Lyric Hammersmith, London W6
Opened 23 April, 2001

For all that Frantic Assembly's physical theatre shows are often described as "unpretentious", they do actually verge on the ponderous whenever the company start listening to those who hail them as the future of British theatre and get all self-conscious. Thankfully, Underworld, which plays for a bare week at the Lyric Hammersmith, has little or none of that.

Its genre is easier to describe in cinematic than in theatrical terms: quite simply, it's an "old dark house" story. Literally old and dark, as a power cut plunges the place into winter night, and the female quartet psychiatrist George and disturbed younger sister Lydia, who live there, and George's friends edgy, selfish Marcie and well-meaning new-agey Sarah, up for the weekend find themselves stranded in the wilds and hearing chilling voices. Are they from the stones of the house, a former inhabitant (Lydia's dead twin Lizzie), or the women's darker psyches?

Nicola McCartney's script is a deft piece of work, combining playfulness (as the women converse in '80s song lyrics), discretion (there's a motif in the story which pings the audience's "gaydar" but is never made explicit) and directness that is not bludgeoning. You can see the ending coming, but that too is a characteristic of the genre it's the suspense and the inevitability that make the ride exciting. Also, in this case, the specifically female and generational edge to the growing hysteria, as the question looms constantly of how much is supernatural and how much springing from and fed by the women's own minds their histories, neuroses and sensitivities. The atmosphere is racked up by a well chosen and skilfully deployed score ranging from Barry White to Nine Inch Nails.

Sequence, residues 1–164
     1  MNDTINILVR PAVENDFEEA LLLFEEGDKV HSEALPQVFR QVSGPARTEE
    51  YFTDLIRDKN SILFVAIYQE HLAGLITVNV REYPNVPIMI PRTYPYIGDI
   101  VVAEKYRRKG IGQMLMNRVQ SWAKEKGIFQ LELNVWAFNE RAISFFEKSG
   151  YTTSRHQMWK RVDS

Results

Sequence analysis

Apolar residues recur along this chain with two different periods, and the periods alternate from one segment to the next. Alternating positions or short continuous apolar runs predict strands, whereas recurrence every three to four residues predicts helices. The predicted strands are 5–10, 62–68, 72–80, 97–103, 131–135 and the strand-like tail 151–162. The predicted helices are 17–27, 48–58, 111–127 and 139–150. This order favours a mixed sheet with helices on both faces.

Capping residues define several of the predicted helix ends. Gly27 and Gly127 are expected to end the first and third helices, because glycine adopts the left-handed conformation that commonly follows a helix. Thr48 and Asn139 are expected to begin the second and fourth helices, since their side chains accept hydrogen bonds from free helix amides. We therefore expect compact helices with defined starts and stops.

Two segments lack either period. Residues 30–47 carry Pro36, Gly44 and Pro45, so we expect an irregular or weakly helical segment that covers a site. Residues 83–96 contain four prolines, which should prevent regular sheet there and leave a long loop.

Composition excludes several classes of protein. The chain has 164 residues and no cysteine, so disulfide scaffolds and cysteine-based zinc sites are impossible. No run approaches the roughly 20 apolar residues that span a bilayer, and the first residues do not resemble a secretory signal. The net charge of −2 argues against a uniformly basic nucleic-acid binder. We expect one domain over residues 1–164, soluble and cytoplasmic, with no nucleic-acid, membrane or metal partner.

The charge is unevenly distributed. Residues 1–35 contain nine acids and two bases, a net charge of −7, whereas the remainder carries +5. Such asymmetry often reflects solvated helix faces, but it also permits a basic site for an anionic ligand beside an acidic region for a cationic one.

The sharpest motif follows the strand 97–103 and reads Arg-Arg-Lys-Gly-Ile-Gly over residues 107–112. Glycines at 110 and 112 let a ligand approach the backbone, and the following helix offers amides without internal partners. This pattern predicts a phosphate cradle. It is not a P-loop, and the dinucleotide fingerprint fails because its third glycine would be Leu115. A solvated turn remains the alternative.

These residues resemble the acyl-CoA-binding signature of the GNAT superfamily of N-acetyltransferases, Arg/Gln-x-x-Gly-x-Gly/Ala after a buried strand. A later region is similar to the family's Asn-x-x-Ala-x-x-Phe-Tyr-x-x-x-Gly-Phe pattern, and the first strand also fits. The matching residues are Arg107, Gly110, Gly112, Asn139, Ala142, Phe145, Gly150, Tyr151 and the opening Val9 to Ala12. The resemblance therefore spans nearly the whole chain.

Under the direction of founder members Steven Hoggett and Scott Graham, the Frantics' trademark physicality crops up only in a few sequences a shockingly sudden overture, an episode in which the nightmares of all four are enacted and of course the conclusion. Narrative is a relatively fresh avenue for the company (first explored only with 1999's Sell Out), but one that seems to suit them, especially when they engage writers of the calibre of McCartney; at least a nod to their more usual first-person approach also remains, in that the characters have the same first names as the performers.

A week is not a long enough London run for this show. Zero is not nearly enough Arts Council funding for the company; Underworld is staged thanks to the beneficence of a number of angels listed in a hastily stapled-in addition to the programme. The Frantics may not be the all-conquering saviours of young British theatre, but they're a highly talented company who deserve much more than this.

Written for the Financial Times.

Copyright © Ian Shuttleworth; all rights reserved.

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